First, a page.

The SARS-CoV-2 virus is still among us, but thanks to the quick development of safe and effective vaccines, countries around the world are easing COVID-19 restrictions. I am proud to acknowledge that TWAS stands strong amid the pandemic and has been able to adapt to the many challenges posed by the COVID-19 crisis.
Thanks to this progress, we have also started organizing in-person or hybrid events again, and this newsletter is a testament to that. Sitting in the same room, sharing meals, or talking over a cup of hot coffee between conference sessions allow for more fluid conversation and encourage brainstorming. As a result, life-long friendships and fruitful professional collaborations are formed.
The Ernesto Illy Colloquia was our first event with a significant in-person component since the pandemic began. Through this event, young scientists conducting coffee-related research in the global South were able to connect with experts in the field and form connections with each other that could foster lengthy research collaborations.
Science and scientists do not live in a vacuum. Now, more than ever, the general public, including the younger generations, should have the chance to get in touch with scientific ideas, evidence-based suggestions, and rational thinking. Outreach events such as the international science festival Trieste Next are instrumental for engaging with the wider society, and can ignite the spark of curiosity in children, hopefully helping them to pursue careers in science.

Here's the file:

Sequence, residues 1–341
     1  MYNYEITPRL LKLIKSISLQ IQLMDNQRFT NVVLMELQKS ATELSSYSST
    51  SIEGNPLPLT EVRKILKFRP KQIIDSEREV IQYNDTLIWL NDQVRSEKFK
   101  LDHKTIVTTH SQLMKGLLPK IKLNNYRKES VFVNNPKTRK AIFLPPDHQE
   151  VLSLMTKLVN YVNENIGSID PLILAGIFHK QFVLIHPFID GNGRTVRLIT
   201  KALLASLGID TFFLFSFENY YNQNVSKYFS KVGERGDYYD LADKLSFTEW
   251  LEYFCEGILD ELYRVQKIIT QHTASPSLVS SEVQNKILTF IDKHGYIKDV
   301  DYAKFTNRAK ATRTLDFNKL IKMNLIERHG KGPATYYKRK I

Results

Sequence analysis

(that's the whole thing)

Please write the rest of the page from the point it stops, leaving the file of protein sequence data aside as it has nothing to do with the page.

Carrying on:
Although the benefits of in-person meetings are clear, we should not forget the benefits of hybrid and online events. The climate crisis is one, if not the most, serious threat to our families, friends, and countries—and the carbon footprint of international travel cannot be underestimated.
Attending an in-person event often means staying away from home for days at a time. But while travelling for a few days can be a great opportunity for personal and professional growth, this is a luxury that those of us who must care for elderly parents, sick relatives, children, or other people, cannot always enjoy. This is why we should make the most of what we have learned during the pandemic about online events and make sure our initiatives are as inclusive as possible.
While governments are lifting COVID-19 restrictions and many of us have returned to doing some, if not most, of our pre-pandemic activities, we should be careful not to forget the long-lasting impact the crisis had on us all, as well as how it exacerbated inequalities.
To beat the virus, we must follow the advice given by health experts, and make sure that whenever we gather together we do so in a way that is safe for ourselves and our communities. But I hope the stories told in this Newsletter also help us rediscover the beauty and power of our events, and the in-person, human connection they provide.
Mohamed H.A. Hassan
TWAS Immediate Past President